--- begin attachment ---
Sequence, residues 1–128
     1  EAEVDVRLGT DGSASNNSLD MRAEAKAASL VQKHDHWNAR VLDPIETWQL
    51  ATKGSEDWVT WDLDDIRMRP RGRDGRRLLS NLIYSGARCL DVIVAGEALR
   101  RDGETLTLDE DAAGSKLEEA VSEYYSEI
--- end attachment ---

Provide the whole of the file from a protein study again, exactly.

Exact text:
Sequence, residues 1–128
     1  EAEVDVRLGT DGSASNNSLD MRAEAKAASL VQKHDHWNAR VLDPIETWQL
    51  ATKGSEDWVT WDLDDIRMRP RGRDGRRLLS NLIYSGARCL DVIVAGEALR
   101  RDGETLTLDE DAAGSKLEEA VSEYYSEI